The idea of a single organizing Self is deemphasized in favor of a polycentric self or community of selves. There is no grand solitary overarching control center. The person as a quantum of unique experience, whose chart is a mirror for every existential situation, is seen as a focused expression of the local environment. Furthermore, in contrast to Sartre, existence and essence arise mutually. Another way of saying this is, body and soul, two sides of the same coin, begin in the same moment. There is no preexisting essence incarnating nor is there a disembodied essence surviving death. As the newborn emerges out of this world into this life the first breath that sets the organism apart from its previous environment immediately sets up unique circulatory, respiratory, cardiac, gastrointestinal, renal, hepatic, and immunological changes that shift the organism from a state of dependency to a state of greater independence.
As it turns out then, astrology is a discipline that is not so much to help us improve ourselves or to allow us to catch a glimpse of what may be around the bend but rather astrology provokes us to ask, “How are we relating to this present moment, how are we engaged with this one and only life?”
Visit me at AstroCare.net

Wednesday, August 27, 2014

A Brief Rant on Materialism

            Many people believe Americans to be lost in crass materialism, but I believe this is a misguided accusation.

Our fantasies of being a materialistic culture may be a defense against a true love of the material. In a culture that worships at the altar of Science; rationalism, empiricism, logical positivism, head over heart, thinking superior to feeling, we are more likely idealistic abstractionists, not materialists.

We are a consumer society in love with the idea of material and not material itself. How else can one explain fast food promoted via wonderfully sensuous and gustatory imagery yet leaving much to be desired in the actual eating? We eat the menu images in our head before we consume the food for our bellies.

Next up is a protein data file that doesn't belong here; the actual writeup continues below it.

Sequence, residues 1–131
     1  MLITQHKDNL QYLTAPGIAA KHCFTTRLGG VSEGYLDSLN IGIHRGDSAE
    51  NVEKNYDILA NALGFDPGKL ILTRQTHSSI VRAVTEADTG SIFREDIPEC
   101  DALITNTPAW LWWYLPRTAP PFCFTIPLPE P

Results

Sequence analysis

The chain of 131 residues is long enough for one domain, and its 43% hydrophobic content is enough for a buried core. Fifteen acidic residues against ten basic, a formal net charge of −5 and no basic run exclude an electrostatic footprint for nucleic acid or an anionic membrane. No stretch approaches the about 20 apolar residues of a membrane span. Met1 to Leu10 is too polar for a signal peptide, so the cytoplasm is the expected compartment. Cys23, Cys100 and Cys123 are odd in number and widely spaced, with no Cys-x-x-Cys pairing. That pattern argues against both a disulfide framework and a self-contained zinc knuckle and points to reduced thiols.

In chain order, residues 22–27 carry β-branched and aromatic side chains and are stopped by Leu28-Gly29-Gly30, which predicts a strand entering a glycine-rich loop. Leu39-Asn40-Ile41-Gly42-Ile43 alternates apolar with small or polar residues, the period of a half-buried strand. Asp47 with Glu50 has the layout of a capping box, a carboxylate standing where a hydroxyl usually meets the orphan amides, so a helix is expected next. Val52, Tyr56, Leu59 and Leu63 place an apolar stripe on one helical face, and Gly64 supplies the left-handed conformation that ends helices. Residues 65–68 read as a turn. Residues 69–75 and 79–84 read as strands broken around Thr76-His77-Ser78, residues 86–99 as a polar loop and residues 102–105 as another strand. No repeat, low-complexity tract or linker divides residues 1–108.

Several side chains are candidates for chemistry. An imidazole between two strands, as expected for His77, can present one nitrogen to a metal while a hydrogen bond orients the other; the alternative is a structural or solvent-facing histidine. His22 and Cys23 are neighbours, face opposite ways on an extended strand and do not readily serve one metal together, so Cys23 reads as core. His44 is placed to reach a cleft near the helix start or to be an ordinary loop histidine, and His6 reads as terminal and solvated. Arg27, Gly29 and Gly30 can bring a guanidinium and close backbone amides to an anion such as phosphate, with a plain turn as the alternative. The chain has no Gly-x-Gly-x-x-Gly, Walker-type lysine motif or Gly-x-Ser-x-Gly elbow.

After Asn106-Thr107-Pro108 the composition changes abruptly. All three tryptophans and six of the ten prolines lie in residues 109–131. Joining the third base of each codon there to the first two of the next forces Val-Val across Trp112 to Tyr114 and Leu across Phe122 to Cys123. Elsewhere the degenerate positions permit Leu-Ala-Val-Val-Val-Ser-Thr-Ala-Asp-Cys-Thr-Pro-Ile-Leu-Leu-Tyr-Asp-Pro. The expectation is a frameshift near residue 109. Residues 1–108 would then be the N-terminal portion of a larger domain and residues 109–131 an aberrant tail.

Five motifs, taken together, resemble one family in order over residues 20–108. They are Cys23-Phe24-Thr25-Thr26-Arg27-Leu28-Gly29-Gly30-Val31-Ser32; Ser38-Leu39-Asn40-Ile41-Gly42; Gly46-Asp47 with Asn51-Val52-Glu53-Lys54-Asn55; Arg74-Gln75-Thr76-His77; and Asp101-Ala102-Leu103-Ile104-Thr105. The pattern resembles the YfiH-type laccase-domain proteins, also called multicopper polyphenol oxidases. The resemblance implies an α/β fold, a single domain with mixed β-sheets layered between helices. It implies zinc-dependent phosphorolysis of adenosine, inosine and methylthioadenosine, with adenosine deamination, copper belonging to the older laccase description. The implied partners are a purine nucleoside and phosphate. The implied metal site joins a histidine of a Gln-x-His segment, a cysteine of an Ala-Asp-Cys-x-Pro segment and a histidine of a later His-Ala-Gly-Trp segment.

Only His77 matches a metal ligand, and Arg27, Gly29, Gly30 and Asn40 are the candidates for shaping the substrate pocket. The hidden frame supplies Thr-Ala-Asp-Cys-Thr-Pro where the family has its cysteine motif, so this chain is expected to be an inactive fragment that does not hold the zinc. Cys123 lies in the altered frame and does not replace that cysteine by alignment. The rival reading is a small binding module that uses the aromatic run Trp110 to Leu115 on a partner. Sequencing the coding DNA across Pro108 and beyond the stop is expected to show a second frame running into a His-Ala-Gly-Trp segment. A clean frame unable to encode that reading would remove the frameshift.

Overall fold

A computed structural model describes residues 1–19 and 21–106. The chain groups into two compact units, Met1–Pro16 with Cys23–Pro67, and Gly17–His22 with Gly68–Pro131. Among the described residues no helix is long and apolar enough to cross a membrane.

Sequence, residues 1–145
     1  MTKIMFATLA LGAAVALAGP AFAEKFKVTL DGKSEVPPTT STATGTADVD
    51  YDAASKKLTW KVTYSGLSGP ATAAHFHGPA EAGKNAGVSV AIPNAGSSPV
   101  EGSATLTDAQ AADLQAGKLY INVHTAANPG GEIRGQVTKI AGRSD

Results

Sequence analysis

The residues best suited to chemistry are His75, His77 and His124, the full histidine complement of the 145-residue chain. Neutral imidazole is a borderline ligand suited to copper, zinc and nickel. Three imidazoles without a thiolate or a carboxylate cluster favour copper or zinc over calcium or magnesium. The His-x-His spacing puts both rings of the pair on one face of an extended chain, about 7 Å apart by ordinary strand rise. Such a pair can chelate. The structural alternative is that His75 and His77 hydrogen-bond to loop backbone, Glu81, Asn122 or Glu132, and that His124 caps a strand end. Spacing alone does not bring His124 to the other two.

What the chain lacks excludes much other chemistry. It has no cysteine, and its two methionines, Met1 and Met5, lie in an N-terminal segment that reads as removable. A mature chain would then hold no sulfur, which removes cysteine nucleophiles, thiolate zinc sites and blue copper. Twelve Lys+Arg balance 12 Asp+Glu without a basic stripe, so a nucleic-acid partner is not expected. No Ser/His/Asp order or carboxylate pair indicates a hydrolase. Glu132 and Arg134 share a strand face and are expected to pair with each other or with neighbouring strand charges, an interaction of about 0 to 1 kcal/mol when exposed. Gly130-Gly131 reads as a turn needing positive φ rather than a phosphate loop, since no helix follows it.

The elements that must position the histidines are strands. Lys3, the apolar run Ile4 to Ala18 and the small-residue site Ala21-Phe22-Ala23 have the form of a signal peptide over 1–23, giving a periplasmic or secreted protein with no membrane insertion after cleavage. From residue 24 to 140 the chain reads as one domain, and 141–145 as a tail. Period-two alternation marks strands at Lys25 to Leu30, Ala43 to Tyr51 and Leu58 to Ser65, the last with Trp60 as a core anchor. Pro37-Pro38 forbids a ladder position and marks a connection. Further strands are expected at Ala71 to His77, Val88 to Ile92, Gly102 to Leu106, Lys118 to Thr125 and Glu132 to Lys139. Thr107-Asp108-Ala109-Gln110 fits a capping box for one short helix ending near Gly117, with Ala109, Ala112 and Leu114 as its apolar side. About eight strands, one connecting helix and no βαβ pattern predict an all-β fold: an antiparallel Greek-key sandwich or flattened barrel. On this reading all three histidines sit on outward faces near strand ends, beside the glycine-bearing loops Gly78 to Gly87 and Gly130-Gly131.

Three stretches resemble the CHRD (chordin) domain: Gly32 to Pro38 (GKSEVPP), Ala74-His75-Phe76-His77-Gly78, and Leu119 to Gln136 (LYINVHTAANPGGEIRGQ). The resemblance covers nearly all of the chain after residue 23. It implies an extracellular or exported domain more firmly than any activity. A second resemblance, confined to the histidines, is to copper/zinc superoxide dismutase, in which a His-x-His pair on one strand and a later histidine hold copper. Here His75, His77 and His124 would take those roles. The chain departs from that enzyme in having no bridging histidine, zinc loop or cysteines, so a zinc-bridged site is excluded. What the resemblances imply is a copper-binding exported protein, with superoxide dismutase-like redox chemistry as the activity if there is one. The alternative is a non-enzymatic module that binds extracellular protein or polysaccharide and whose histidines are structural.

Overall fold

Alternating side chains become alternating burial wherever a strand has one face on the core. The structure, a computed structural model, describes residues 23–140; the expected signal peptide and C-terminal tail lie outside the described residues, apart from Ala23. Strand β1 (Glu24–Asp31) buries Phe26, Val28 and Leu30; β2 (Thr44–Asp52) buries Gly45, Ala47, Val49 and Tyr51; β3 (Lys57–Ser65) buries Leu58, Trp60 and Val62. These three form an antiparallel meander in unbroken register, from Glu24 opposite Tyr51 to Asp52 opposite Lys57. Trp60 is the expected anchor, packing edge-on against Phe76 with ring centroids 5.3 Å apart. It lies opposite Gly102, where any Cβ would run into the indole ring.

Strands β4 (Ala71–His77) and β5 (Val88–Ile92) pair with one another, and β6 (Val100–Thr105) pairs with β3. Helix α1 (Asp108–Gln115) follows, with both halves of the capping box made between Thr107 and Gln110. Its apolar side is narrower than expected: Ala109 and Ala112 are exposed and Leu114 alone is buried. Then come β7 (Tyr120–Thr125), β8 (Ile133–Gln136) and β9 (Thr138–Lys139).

How else do we account for plastics and synthetics disguised as real wood furniture and hardwood floors?

What about polyesters that mimic linen and silk, manufacturing clothing with so much more ease of care and disposability?

And what about faux stone masquerading as real rock on so many of our buildings?

This is all smoke and mirrors, fire and air, style without substance, appearance sans the material.

A true materialist loves the material world, cherishing the things of the world, repairing not despairing, recognizing that the world is not a simple commodity for our consumption but rather an animated, ensouled being of which we are an intimate expression.

When our dreams and fantasies no longer promise paradise in the ever after but rather plant us firmly in the present, and immerse us fully in the moment, then our lives, in tune now with the rhythms of soil and sea, sun and sky will truly blossom.

Visit me at AstroCare.net

The Astrological Birth Chart

The primary tool an astrologer uses is the natal or birth chart which is literally a stylized map of the solar system as seen from the particular place and time of a person’s birth. It has several features; the planets, the zodiac signs, the houses, and the aspects or angles of relationship between the planets. More imaginatively however, it is an image of psyche or soul, a mapping of the topography of our inner landscape. As a map it can be used for purposes of orientation, helping us fathom where we are in life, sounding out our centers, and getting our bearings. We can imagine life as a turning wheel of dynamic process with the nascent springtime of our youth, the summer fruition of our efforts, our inevitable fall and decline and finally, our demise into winter’s inactivity and dormancy.

            The birth chart provides a framework for imagining a profound intimacy between ourselves and our world. We hear this deep intimacy echoed in the words of early Church Father, Origen who wrote, “Know that you are another world in miniature and have in you Sun and Moon and even stars.”

But for our charts to say anything to us, astrology must of necessity hinge on the fantasy that our world is a living being capable of speaking to those who have the ears to hear and the eyes to see. Historically we find this in the Old Testament in psalm 19….

“The heavens declare the glory of God; the skies proclaim the work of his hands. Day after day they pour forth speech; night after night they display knowledge. There is no speech or language where their voice is not heard. Their voice goes out into all the earth, their words to the end of the world.”